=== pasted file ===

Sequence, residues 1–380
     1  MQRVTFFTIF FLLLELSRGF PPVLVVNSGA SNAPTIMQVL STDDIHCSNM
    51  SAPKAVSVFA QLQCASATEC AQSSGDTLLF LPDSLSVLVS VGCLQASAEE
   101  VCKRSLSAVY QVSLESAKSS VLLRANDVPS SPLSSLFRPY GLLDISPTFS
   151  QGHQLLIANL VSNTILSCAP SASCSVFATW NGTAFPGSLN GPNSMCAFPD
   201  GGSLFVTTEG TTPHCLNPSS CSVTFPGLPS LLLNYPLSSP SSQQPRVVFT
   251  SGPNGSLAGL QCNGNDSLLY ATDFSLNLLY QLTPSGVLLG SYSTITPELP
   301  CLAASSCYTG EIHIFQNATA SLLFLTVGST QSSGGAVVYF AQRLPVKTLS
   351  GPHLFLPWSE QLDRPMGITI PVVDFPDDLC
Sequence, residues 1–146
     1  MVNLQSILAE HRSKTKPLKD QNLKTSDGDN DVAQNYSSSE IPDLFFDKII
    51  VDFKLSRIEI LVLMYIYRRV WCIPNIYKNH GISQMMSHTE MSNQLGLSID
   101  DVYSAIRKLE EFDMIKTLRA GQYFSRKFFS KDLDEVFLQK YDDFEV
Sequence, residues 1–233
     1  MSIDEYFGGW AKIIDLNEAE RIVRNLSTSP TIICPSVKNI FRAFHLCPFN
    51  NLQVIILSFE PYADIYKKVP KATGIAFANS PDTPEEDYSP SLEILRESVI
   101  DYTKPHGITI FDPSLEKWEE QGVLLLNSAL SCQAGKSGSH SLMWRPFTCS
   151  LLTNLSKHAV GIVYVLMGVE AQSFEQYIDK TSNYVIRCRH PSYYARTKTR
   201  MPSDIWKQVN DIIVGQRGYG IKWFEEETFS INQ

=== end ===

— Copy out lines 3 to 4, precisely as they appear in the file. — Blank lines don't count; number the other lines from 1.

    51  SAPKAVSVFA QLQCASATEC AQSSGDTLLF LPDSLSVLVS VGCLQASAEE
   101  VCKRSLSAVY QVSLESAKSS VLLRANDVPS SPLSSLFRPY GLLDISPTFS